A new state of mind

26 09 2013

It’s a rare and wonderful thing to love what you do for a living. I’ve been incredibly blessed to land a job with a charity and a cause I’ve come to strongly believe in, so this post more or less wrote itself.

That organization is Partners for Mental Health, and its goal — to create a new state of mind in Canada, one in which mental health is talked about, treated and supported differently — is what inspired the title of this post.

As part of my job, I get to work with a really neat team of volunteers called Community Correspondents who pretty much energize me every time I talk to them. Their amazing passion for mental health and their willingness to talk about why it matters to them is one of the reasons why I’m sharing why mental health has become so important to me.

When one in five Canadians personally experiences mental illness during their lifetime, and more than 450 million people worldwide suffer from mental disorders (with even more having mental problems), you are very likely to meet someone who lives with mental health concerns. I was no exception, and yet I admit I was quite flawed in my knowledge of the issue and how to deal with it and properly support a loved one struggling with their mental health.

A very dear friend of mine lived with severe anxiety for very many years. Many nights I sat up with her while she hyperventilated, breathed into a paper bag and cried for hours, worrying that she wouldn’t make it. Sometimes she fainted and blacked out and we once had to wheel her out of her apartment on an office chair as she was rendered immobile by her anxiety and we couldn’t carry her. Very often, the panic attacks happened while we were out with other people. The triggers would often be little things, things that we thought she should have been able to deal with — pain from an injury, an allergic reaction, the crash from a sugar high.

I am ashamed to admit that I sometimes thought the things you hear about when you think of the word “stigma.” Why can’t she be stronger? Why is this happening all the time? Isn’t this a bit dramatic? Does this even happen when no one else is around? I started off being sympathetic, and eventually my patience wore thin and I wasn’t as supportive as I should have been, when she needed me the most. I didn’t understand her pain, and I imagine it must have been lonely for her.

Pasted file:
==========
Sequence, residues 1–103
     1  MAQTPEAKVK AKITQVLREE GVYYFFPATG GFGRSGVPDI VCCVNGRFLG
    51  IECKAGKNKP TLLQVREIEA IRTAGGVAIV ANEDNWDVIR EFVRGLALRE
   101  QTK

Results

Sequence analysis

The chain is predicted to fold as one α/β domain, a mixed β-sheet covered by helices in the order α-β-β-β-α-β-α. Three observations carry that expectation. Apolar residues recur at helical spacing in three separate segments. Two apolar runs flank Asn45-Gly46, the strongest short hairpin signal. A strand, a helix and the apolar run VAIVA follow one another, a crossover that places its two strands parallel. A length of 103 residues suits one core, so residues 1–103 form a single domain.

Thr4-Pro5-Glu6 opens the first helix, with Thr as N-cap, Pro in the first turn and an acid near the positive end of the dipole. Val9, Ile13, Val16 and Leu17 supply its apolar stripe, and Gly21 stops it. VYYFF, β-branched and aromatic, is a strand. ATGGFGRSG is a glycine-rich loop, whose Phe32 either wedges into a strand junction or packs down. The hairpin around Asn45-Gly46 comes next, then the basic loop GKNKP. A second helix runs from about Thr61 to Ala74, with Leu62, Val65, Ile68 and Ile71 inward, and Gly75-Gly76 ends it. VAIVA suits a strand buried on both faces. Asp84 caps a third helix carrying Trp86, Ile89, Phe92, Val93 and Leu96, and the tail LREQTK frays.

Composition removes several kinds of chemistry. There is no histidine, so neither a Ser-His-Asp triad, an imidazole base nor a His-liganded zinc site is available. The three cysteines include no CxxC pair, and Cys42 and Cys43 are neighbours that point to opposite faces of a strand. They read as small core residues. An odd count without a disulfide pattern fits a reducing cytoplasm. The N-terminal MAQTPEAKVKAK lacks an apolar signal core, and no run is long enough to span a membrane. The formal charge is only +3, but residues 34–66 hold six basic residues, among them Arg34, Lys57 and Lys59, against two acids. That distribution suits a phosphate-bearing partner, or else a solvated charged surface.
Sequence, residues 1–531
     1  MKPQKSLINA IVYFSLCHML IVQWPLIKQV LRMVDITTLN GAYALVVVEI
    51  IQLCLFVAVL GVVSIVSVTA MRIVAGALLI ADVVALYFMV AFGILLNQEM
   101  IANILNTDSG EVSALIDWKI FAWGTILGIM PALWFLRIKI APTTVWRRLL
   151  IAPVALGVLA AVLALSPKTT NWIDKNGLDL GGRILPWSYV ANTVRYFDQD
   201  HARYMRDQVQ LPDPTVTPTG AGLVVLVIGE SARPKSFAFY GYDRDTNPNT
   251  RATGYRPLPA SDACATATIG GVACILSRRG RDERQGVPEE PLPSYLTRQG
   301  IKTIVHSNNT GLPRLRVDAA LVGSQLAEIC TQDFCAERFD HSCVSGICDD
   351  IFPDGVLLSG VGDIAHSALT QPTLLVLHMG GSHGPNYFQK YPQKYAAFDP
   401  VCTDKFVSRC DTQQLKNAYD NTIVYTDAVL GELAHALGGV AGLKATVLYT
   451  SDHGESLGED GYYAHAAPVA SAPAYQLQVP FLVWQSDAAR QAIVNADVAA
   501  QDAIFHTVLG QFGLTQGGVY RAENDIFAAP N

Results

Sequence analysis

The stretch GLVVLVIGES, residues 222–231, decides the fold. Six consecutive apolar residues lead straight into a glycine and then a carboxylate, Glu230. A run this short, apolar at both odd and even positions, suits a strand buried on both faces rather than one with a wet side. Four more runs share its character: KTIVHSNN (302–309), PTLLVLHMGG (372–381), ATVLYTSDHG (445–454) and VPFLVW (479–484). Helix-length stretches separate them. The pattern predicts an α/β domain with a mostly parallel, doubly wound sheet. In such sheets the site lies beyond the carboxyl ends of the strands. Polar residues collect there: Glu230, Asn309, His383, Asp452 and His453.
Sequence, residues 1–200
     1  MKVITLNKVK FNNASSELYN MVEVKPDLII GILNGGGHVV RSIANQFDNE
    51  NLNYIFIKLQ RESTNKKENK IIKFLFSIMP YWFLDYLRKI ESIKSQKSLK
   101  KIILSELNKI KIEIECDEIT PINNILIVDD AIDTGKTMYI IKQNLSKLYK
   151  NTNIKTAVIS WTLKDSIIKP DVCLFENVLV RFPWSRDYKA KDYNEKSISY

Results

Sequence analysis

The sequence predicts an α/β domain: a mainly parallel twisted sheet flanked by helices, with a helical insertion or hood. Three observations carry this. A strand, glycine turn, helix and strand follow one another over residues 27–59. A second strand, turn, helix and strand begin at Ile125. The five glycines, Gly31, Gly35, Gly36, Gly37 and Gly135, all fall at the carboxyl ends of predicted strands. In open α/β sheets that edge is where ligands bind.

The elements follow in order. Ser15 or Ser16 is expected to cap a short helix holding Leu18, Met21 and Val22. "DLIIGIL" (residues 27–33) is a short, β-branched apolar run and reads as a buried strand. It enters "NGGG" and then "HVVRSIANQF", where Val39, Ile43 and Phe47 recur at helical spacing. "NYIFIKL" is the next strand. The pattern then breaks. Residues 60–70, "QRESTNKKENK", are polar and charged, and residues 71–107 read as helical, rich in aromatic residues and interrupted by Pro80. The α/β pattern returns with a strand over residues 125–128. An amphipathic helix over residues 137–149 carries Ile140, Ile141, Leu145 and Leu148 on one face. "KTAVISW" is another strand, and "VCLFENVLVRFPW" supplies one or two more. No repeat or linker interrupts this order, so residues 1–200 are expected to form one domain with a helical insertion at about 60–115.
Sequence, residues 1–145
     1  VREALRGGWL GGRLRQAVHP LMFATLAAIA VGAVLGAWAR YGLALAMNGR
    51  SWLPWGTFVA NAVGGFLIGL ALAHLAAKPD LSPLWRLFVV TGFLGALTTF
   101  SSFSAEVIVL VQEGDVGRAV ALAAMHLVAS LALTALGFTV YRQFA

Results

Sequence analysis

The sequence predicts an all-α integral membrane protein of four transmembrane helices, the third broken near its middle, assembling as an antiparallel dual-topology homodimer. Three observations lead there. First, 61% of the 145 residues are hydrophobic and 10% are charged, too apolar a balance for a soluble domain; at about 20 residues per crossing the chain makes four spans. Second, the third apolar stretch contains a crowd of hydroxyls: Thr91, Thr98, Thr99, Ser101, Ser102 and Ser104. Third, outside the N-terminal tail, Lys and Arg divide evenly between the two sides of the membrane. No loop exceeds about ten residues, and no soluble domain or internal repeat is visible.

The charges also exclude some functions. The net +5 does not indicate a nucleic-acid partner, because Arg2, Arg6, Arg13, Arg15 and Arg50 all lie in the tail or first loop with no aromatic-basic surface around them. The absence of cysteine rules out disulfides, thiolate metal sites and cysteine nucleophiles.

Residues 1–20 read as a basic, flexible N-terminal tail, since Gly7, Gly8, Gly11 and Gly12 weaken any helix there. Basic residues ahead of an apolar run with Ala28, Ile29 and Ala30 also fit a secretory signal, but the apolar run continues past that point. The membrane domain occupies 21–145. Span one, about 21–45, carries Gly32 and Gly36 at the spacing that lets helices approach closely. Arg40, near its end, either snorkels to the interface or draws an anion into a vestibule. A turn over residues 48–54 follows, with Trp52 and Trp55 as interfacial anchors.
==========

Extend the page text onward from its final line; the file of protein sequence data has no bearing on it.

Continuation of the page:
It wasn’t until later that I heard her talk about how God had been her only companion during those dark times that I realized how I’d failed her as a friend and sister. Through it all,  faith sustained her as she read the Psalms daily and related to the anguish of those writers of old who cried out to God. My friend grew stronger and was able to better deal with her anxiety, and today she rarely has such severe panic attacks. To me, her recovery was truly a testament to how the Holy Spirit can work in our lives, heal us, and through that brings us to a greater knowledge of His goodness and faithfulness, and I told her so.

When I got my job at Partners for Mental Health, it really broke my heart to talk to others who lived through the same debilitating experiences as my lovely friend, to read their stories and to learn the statistics on mental health. At the same time, I have been inspired by the hope and courage exhibited by so many of the people with whom I have interacted, and it has really made me believe that change in the way we support mental health IS possible and that it is something for which we should strive.

I’ve learned so much, and it has really helped me to understand that mental illness should be treated like any other illness; that people living with it suffer just as much, if not more, than those with physical illnesses, and that mental well-being is vital to overall health.

I’ve come to see too that understanding begins with engaging in that conversation. Until I started talking about my work, I never realized how many people I knew had been touched by severe depression (and I’m not talking about that “I’m so depressed because I failed my exam” kind of depression) and other mental illnesses, and had just never spoken about it with anyone. I saw myself in the people who asked, “What do you mean you can’t control your own mind?” — and I was ashamed.

I’m working on changing that, which is why I’m writing this post. Here’s a video I made for our organization’s first campaign, Not Myself Today:

I hope you’ll join me in the conversation.

P.S. These amazing comics from Hyperbole and a Half made me laugh, and helped me understand depression a little better: Adventures in Depression and Depression Part Two

P.P.S. Oct. 10 is World Mental Health Day. Why not consider doing something to commemorate it? (I humbly suggest signing the pledge at Partners for Mental Health.)

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